You are not managing an agency if you do not do time tracking
Almost 4 years ago, these days, I was at the Christmas party organised by Google Greece.
It was less than 1 year that I had left Google and started my own digital agency. Within these months I had managed to form a team of 4, get us an office and start working for various Clients (including Workable, that was then launching and now is the most popular recruiting software in the world). Business was growing fast and we could barely keep up.
While I was having a drink at the party and enjoying various informal discussions, I stumble upon Giorgos Vareloglou (co-founder of the most successful digital agency in Greece and former Business Development Director at iProspect). Giorgos is asking mehow is the business doing and at some point asks “Are you doing time-tracking?” and I reply that I am not. Then he says “start doing time tracking tomorrow!”. And this was one of the most important advice I have received that made an impact at my agency.
Agencies sell hours. Period.
The reason we have not been tracking our time is that I originally thought that we were selling value. And I was thinking like this because I was biased from the way we were charging our Clients. That days we were mostly doing Google AdWords management and a common pricing model for this service is to charge a percentage fee on the monthly advertising spend (for example 10% on media spend). So I was not thinking about hours.
But this is not the only pricing model that does not include hours. You also have fixed-fee projects, monthly retainers, performance based pricing and even usage-based pricing. All these pricing models hide the one and only truth; that what we are selling is hours.
You see if you are a retailer you know what you are buying and what you are selling because it is tangible; they are products. But when we are talking about service business then we move to the sphere of intangible and this perplexes the things. But if you go at a helicopter view of a service business you will notice that what the business is buying (and ultimately selling) is employee hours. If you wanted to talk “accounting” goods sold are the employee hours, COGS is the fully loaded employee cost/hour and revenue is the Total Revenue/billable hours. The difference between the revenue/hour and the cost/hour is the gross margin of the business.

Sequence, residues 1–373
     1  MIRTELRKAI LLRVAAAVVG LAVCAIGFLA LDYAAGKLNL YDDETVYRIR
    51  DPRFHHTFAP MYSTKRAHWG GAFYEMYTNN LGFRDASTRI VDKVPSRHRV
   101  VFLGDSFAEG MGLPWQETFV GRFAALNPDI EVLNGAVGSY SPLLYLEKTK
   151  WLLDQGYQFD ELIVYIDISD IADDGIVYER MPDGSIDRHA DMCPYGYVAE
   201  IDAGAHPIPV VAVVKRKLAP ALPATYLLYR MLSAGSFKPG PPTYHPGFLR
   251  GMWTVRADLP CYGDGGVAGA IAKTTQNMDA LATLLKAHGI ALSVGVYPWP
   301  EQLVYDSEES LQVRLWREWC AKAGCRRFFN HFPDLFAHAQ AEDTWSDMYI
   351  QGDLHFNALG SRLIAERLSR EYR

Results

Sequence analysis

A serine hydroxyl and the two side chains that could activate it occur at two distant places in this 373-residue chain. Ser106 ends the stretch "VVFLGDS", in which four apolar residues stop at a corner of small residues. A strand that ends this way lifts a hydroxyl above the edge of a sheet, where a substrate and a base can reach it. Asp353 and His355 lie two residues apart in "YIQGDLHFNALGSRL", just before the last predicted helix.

The marketing person in me will come out and say “cost-based” pricing is not the best way to price a product and if you are selling something of higher quality or something that involves innovation, you are underselling; you should instead sell “value”. And I would agree 100%. The thing, however, is that I am not telling you that you should price your product based on your costs or that you should use hours-based pricing. What I am just telling is that you should understand that no matter how you sell, at the end of the day you buy and sell hours.
Why you should do time-tracking
Now that we are talking at the same level and that we both agree that what you are actually selling is hours, I would move and tell you that you should track these hours, you should do time-tracking.
And there are many reasons why you should do it.
- need to know what is the cost of what you are selling (billables — non-billables, hidden time as emails/calls/travel, etc)
- decide how much time you should invest on different projects(time allocation to harmonise profit margin)
- put a value in the founders’ time (your time is not free and this is something that founders do not take into account up until the time they want to sell the business and people ask them what is the “real profit”)
- knowing these numbers helps you in a negotiation (if a price seems high, now you have a way to explain the effort and set the discussion at scope, not perception)
- have history so you can do better planning (plan your next project based on insights)
- have history so you can do benchmarking (are we improving?)